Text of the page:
The sports and entertainment industry, which includes live music events, movies, theatrical productions, amusement parks, and trade shows, rely on an aspect of public life that is not conducive to pandemics: large crowds packed into confined spaces. As a result, major events such as the National Basketball Association, the Major Baseball League, live music shows, major festivals such as Coachella and Burning Man, have been postponed.
Due to social distancing requirements, movie theatres, theatrical productions, and amusement parks have shut their doors to patrons. And while states are in the process of slowly opening up, these businesses are arguably at most risk of having prolonged closures.
A compound problem for these industries is the financial and job loss consumers are experiencing from COVID. The latest unemployment filing figures reveal 30 million Americans have applied for assistance due to job losses from COVID. Consumers and patrons now more than ever will be reluctant to spend money on the leisure activities that sports and entertainment provide.
Major ticketing companies are experiencing high volumes of refund requests as patrons who are experiencing hardship or trying to be more conservative with cash try and recuperate money spent on future events.
The only segment of the entertainment industry benefiting from the pandemic as more people stay indoors is video streaming, such as Netflix and Hulu, music streaming services like Spotify, and video/computer gaming.
Steps to Reopening
In a daily coronavirus briefing, President Donald Trump promised that sporting events would return gradually, first in a made-for-TV format that does not have live spectators. It will progressively move to spacing out spectators in arenas and venues, before returning to full capacity once the virus has gone.
The White House has recommended a three-phase approach: entertainment venues that do open are required to stick to social distancing requirements, making sure patrons space out accordingly (6ft.). Like most parts of the economy, the decision to reopen has been largely left to individual states.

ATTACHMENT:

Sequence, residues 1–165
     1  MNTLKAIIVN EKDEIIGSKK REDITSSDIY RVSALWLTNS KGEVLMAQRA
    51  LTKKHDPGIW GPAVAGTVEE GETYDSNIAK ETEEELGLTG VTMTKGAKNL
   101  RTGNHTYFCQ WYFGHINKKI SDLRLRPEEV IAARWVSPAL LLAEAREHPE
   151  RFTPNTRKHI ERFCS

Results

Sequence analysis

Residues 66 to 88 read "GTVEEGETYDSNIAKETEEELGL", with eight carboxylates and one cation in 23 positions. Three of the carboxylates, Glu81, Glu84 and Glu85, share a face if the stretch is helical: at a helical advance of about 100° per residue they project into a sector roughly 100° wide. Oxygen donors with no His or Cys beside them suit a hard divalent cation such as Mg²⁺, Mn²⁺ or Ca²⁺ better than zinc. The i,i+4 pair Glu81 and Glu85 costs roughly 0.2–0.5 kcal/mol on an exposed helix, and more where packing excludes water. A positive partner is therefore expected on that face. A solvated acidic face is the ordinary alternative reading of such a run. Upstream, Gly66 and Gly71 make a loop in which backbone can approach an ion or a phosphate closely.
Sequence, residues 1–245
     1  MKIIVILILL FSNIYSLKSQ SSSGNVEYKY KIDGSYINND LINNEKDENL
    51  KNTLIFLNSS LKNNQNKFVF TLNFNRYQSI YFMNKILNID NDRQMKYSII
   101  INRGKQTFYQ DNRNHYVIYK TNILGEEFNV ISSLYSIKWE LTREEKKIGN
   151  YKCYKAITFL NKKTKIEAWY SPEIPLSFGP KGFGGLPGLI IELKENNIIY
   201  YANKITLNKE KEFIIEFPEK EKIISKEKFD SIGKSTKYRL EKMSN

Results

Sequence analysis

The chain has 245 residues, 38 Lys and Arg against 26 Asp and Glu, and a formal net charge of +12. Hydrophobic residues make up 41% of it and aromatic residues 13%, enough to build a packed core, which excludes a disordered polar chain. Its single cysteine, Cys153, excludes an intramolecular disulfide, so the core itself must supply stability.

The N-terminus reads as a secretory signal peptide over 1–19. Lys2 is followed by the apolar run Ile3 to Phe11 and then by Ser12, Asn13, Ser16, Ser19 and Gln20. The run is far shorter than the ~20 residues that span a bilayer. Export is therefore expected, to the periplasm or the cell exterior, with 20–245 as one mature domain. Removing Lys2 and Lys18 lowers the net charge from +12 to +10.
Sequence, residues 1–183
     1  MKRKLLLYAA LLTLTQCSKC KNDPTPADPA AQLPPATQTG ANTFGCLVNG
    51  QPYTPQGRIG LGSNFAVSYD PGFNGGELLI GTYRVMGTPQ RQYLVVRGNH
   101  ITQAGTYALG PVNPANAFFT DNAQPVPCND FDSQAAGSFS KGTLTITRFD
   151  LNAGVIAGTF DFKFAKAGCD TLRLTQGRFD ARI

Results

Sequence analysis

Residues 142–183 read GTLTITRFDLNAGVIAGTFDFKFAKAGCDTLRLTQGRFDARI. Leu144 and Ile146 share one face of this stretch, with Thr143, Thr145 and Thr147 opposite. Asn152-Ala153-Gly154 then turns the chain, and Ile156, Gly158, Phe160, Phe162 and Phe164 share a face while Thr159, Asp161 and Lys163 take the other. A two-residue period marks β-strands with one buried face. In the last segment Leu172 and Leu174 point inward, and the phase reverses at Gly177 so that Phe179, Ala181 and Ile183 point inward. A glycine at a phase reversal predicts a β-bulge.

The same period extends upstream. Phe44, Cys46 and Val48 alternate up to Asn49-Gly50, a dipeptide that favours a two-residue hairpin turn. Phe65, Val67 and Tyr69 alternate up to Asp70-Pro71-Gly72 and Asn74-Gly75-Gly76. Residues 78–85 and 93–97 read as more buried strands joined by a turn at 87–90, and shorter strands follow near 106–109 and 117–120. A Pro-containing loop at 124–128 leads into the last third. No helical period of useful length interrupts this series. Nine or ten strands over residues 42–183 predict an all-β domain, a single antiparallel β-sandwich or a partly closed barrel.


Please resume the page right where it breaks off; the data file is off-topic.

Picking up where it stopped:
Local movie theatres in states with more aggressive reopening policies such as Georgia and Texas are opening again, but only filling up a quarter of capacity due to social distancing requirements. In a bid to start returning to normalcy, movie theatres are showing slightly older films at discounted prices, but this essentially means they are operating at a loss due to capacity restrictions. The big three theatre companies AMC Theatres, Regal Cinemas, and Cinemark do not have plans to reopen until June or July.
Major sporting leagues are in talks to play games in one city to reduce need for travel as well as scaling up player and associated person testing, while sporting events occurring in the later months of the year such as the NFL and the U.S. Open are still to occur as scheduled.
Concerns about Reopening
As sports and entertainment relies on the gathering of large crowds, reopening depends heavily on whether there are no additional outbreaks and our ability to implement widespread testing, and contact tracing. As such, Dr Anthony Fauci has said that sporting events may not return this year. A similar trend is being seen with live concerts and musical festivals which are held annually. any of these events have been pushed out to 2021.
While entertainment venues attempt to creep back into business, a major concern is that social distancing requirements will force many of these venues to operate at losses due to limiting capacity. Huge investments may be needed for adequate cleaning equipment to make the venues safer, and with the coming summer months where constant cooling is needed, local entertainment venues may stay closed until it is viable to reopen fully.
New content from Hollywood is also being postponed until blockbuster movies can play in major cities (where lockdown could be longer than other parts of the country) which limits the revenue movie theatres can get as they rely on slightly older content.
Sports and entertainment has not been prioritized in relief efforts or funding as both are not necessarily seen as “essential businesses”. There is no industry-specific bailout coming from Congress, especially as legislators look to avoid what can be seen as bailouts for specific corporations.
Displaced entertainment industry workers have been assisted through the CARES Act and unemployment benefits like many other Americans who are now out of work. Local theatres and smaller entertainment centers have been encouraged to apply seek help from the Small Business Administration for loans.